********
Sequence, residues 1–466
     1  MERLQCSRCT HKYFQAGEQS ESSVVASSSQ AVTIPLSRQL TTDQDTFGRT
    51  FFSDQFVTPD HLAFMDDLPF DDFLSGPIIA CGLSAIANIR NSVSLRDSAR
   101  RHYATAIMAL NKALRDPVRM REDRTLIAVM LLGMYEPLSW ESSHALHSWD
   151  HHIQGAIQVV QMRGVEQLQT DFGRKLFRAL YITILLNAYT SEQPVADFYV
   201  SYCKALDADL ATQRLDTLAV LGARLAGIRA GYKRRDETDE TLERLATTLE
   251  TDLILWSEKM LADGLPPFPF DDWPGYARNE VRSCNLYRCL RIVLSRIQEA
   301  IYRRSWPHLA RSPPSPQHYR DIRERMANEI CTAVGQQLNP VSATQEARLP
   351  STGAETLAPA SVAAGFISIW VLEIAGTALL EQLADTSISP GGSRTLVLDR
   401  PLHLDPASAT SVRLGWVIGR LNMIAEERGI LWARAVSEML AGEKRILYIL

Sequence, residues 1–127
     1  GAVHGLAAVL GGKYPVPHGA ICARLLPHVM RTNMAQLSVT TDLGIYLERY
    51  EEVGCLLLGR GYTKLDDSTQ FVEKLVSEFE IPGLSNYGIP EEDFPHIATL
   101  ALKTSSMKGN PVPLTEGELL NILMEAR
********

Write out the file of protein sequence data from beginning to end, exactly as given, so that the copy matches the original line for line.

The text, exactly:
Sequence, residues 1–466
     1  MERLQCSRCT HKYFQAGEQS ESSVVASSSQ AVTIPLSRQL TTDQDTFGRT
    51  FFSDQFVTPD HLAFMDDLPF DDFLSGPIIA CGLSAIANIR NSVSLRDSAR
   101  RHYATAIMAL NKALRDPVRM REDRTLIAVM LLGMYEPLSW ESSHALHSWD
   151  HHIQGAIQVV QMRGVEQLQT DFGRKLFRAL YITILLNAYT SEQPVADFYV
   201  SYCKALDADL ATQRLDTLAV LGARLAGIRA GYKRRDETDE TLERLATTLE
   251  TDLILWSEKM LADGLPPFPF DDWPGYARNE VRSCNLYRCL RIVLSRIQEA
   301  IYRRSWPHLA RSPPSPQHYR DIRERMANEI CTAVGQQLNP VSATQEARLP
   351  STGAETLAPA SVAAGFISIW VLEIAGTALL EQLADTSISP GGSRTLVLDR
   401  PLHLDPASAT SVRLGWVIGR LNMIAEERGI LWARAVSEML AGEKRILYIL

Sequence, residues 1–127
     1  GAVHGLAAVL GGKYPVPHGA ICARLLPHVM RTNMAQLSVT TDLGIYLERY
    51  EEVGCLLLGR GYTKLDDSTQ FVEKLVSEFE IPGLSNYGIP EEDFPHIATL
   101  ALKTSSMKGN PVPLTEGELL NILMEAR